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Things Movies And TV Always Get Wrong About Famous US Cities

Updated May 17, 2021 4.5k votes 783 voters 69.6k views12 items

List RulesVote up the tropes about American cities you've seen most often.

Movies and TV often get things wrong about American cities, sometimes based on the stereotypes associated with those locales. Anyone who's ever been stereotyped knows how unfair and inaccurate it can be, and this is true with citywide stereotypes, as well. Sure, some folks in Dallas do wear cowboy boots, but not everyone does. Yet the stereotypes persist. 

It doesn't help that movies and TV often reinforce these stereotypes by leaning on them. They do allow the creators to quickly establish where a story takes place. But the tradeoff is that for lots of folks who may never visit these places, the typecasting can become the truth. 

Here are 12 tropes that movies and TV often use to portray cities that are inaccurate, if not entirely wrong. 

  • Photo: Dallas / CBS
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    Dallas: Just Cattle And Oil Fields

    Yes, the city of Dallas is famous for both its cattle and oil industries. Dallas, Houston, and many other cities in Texas are home to many oil companies. But oil fields aren't usually located anywhere near the cities themselves, and definitely not in the case of Dallas.

    Cattle and oil aren't even the basis of the Dallas economy anymore, according to magazine. As of 2016, mining (including oil and gas) barely cracked the top five, at around 10% of the city's total economy. That's below finance, manufacturing, professional and business services, and "other." As for livestock, it didn't even make the top 11.

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  • Photo: The Fugitive / Warner Bros.
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    Chicago: Called 'The Windy City' Because Of Its Blustery Weather

    Chicago isn't called "The Windy City" because of its weather. The name comes from a 19th-century newspaper editorial criticizing city officials for their vanity and false promises, calling them "full of hot air." 

    So, the moniker has nothing to do with the weather - although Chicago does often experience severe weather, especially being located on Lake Michigan. But it's not an especially gusty place. 

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  • Photo: The Departed / Warner Bros. Pictures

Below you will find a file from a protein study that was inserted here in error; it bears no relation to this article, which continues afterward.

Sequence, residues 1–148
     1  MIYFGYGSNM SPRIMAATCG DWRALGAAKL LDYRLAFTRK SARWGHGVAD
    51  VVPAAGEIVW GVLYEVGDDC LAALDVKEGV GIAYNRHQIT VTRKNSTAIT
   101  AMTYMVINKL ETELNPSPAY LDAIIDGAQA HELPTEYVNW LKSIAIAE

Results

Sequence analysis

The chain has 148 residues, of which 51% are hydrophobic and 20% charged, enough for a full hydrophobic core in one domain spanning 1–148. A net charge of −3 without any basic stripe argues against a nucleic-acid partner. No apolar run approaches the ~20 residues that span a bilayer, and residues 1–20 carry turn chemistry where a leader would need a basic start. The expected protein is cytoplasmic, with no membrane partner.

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    Boston: Everyone Is Either A Cop, A Lawyer, A Criminal, Or A College Student

    Many movies are set in Boston, and for whatever reason, many of them tend to fall within the same genres. A number of movies about college are set in Boston because the city has many colleges (Good Will Hunting, Harvard Man).

    Another common genre for movies set in this New England city is crime. It does have a long history of criminal activity, and is home to notorious figures like mobster Whitey Bulger and serial killer Albert DeSalvo, AKA the Boston Strangler. That makes Boston a logical choice for movies either about crimes or inspired by them.  

    But it is not a city with only four possible occupations. No doubt someone is writing a killer script about a Boston taxidermist right now.

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  • Photo: Jackie Brown / Miramax Films
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    Los Angeles: Everyone Goes To The Beach All The Time

    Many movies and TV shows emphasize LA's proximity to the Pacific Ocean, but while beaches are popular tourist destinations, many people who live in Los Angeles seldom visit them - it's one of many unrealistic ways the city is depicted, according to Angelenos

    There's more to the City of Angels than beaches. A more accurate version would include things like traffic and other mundane aspects of city life. Los Angeles: the town where you can see Ice Cube buying a fax machine. 

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